Ruminski, who will himself sing the title role of Don Pasquale, has performed the role once before, last year at the Hawaii Opera Theatre, but he will soon be singing the role, this time in German, in August at the St. Anton am Arlburg Festival in Austria. “I use a combination of muscle memory and visual memory to help me sing the same role in two different languages,” says Ruminski, who has some strong feelings about the role of prompters in opera. “I hate them,” he says, “they are part of an overbuilt, redundant system to prevent mistakes, but yet they are like vultures, justifying their paychecks by living off of mistakes.”
Baritone James Wright, who appeared in the role of Schaunard in last season’s La Bohème and as King Melchior in the NCO’s Amahl and the Night Visitors, will sing the role of Dr. Malatesta, Don Pasquale’s physician and putative matchmaker. Tenor Benjamin Brecher, who has appeared in numerous roles at the New York City Opera as well as at Opera de Montreal and at Glimmerglass, will sing the role of Ernesto, Pasquale’s nephew, who by refusing to marry the woman his uncle wants him to marry, risks losing his inheritance. The role of Norina, the lovely young widow who is Ernesto’s true love, will be sung by the rising young Puerto Rican soprano Zulimar Hernández, who recently made her Opera Santa Barbara debut in the same role.
Ruminski has consistently tried to push the envelope for his opera company, as in his staging a couple of seasons ago of Puccini’s Il Tabarro, which takes place on a barge, on the deck of the USS The Sullivans destroyer, at the Buffalo Naval Park, a production that was marred somewhat by the ambient traffic noise from the Skyway. This season, Ruminski had wanted to present the world premiere of “Shot!” a two-act opera about the assassination of President McKinley by the nationally recognized, Buffalo based composer Persis Parshall Vehar, who was recently named Composer-in Residence by the NCO. Ruminski had high hopes of his opera company producing Vehar’s new work at Artpark, in Lewiston. After a number of talks with George Osborne, the Director of Artpark, Ruminski had a verbal commitment to the new production on a Friday, only to find out the following Monday that the deal was off. While Ruminski is currently involved in an effort to have “Shot!” premiered in Canton, Ohio the city where McKinley settled after his Civil War military service, it’s a real shame that his efforts to debut Vehar’s opera in her hometown fell apart due to the short-sightedness of Artpark management. The days when Artpark was a regional summer magnet for enjoying several operas each season are seemingly gone forever.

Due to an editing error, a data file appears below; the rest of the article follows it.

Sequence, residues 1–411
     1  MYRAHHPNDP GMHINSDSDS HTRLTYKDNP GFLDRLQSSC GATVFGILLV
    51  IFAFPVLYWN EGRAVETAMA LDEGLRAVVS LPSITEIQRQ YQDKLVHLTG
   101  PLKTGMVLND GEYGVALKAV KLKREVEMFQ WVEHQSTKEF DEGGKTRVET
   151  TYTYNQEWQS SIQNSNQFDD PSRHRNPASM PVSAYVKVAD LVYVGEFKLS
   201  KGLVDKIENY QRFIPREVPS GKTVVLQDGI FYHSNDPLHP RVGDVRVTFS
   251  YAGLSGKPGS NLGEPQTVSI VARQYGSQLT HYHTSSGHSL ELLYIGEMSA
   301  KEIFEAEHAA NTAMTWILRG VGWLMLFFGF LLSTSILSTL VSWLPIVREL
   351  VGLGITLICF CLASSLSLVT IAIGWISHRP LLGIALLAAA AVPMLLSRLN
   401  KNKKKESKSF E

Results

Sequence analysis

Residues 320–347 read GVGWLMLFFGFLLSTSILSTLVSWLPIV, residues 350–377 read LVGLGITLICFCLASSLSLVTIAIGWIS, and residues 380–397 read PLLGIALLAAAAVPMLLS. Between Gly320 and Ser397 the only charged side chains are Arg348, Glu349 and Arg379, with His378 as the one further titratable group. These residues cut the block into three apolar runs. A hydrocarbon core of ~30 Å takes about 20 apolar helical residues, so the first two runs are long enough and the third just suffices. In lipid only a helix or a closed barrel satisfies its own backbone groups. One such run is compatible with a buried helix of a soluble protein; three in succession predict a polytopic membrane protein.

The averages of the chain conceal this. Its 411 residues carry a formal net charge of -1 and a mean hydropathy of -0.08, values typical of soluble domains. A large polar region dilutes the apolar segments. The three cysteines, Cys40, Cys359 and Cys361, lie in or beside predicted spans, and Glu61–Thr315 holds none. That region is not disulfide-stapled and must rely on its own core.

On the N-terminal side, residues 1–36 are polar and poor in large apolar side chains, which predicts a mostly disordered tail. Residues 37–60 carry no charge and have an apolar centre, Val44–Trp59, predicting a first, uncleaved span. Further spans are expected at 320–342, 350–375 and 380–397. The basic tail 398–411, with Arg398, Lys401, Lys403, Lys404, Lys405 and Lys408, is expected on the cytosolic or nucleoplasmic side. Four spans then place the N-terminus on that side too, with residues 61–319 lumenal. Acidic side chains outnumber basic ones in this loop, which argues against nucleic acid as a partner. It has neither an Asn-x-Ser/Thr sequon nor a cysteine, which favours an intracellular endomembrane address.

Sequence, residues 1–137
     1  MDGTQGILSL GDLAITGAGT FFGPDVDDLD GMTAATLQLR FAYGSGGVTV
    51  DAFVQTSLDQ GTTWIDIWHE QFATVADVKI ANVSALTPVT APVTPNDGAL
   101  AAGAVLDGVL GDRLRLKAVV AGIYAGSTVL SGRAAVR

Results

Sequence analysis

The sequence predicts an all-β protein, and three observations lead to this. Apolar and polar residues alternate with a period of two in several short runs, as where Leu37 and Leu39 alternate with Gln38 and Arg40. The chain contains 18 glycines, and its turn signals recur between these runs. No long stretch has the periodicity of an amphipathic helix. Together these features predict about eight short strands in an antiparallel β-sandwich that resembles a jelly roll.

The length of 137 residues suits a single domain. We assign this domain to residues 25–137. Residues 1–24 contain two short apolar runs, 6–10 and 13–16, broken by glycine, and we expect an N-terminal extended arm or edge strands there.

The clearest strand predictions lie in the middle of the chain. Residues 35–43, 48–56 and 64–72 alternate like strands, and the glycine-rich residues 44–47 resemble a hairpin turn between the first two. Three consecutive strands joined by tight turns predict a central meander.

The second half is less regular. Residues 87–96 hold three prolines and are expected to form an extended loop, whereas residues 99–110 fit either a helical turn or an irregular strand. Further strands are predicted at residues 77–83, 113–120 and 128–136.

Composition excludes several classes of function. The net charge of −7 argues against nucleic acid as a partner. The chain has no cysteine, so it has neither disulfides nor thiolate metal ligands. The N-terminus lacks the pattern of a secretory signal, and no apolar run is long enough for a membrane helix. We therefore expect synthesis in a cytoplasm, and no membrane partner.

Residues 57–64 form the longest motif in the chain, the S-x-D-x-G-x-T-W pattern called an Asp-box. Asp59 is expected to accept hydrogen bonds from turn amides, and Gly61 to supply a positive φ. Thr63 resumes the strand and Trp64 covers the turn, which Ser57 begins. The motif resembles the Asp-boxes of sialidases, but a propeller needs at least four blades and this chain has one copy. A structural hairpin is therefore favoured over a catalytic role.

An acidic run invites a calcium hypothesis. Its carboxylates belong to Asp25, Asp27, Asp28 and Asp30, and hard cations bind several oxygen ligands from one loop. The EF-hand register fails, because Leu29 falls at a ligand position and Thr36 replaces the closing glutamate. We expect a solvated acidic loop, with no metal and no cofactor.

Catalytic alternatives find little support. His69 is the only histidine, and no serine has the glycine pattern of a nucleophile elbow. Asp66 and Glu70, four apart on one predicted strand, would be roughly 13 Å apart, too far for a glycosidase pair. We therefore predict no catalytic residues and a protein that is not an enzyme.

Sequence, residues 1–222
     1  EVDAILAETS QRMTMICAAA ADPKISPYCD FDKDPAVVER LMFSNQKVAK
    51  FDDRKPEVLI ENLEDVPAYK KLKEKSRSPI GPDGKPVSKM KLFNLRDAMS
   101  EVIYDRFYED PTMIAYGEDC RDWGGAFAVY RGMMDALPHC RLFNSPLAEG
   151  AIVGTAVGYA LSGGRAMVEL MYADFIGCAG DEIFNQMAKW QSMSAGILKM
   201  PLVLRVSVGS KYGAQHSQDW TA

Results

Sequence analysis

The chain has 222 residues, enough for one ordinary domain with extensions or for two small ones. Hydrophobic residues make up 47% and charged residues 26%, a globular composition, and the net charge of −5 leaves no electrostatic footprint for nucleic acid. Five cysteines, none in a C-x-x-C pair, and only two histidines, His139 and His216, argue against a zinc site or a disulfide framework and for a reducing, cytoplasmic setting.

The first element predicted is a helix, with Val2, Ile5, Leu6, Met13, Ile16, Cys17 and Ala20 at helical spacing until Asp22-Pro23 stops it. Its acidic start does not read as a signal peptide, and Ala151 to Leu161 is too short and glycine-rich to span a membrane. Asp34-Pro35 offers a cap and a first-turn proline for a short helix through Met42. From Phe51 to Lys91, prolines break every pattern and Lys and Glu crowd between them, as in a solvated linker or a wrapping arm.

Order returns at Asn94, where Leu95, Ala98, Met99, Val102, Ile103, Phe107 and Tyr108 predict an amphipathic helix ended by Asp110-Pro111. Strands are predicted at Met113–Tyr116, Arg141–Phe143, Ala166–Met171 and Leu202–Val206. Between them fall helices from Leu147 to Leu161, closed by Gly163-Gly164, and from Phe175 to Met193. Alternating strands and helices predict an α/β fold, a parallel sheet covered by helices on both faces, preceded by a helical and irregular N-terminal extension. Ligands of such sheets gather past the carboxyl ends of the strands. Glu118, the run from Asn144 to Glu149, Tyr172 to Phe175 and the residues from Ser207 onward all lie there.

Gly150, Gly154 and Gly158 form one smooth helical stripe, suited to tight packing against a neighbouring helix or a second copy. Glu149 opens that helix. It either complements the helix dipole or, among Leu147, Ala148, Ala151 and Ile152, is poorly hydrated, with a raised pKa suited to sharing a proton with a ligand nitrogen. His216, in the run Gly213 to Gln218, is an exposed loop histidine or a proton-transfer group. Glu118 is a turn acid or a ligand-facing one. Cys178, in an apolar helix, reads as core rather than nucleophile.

Tickets: $24-59. Phone: 692-2413. For more information visit: www.nickelcityopera.org.blog comments powered by Disqus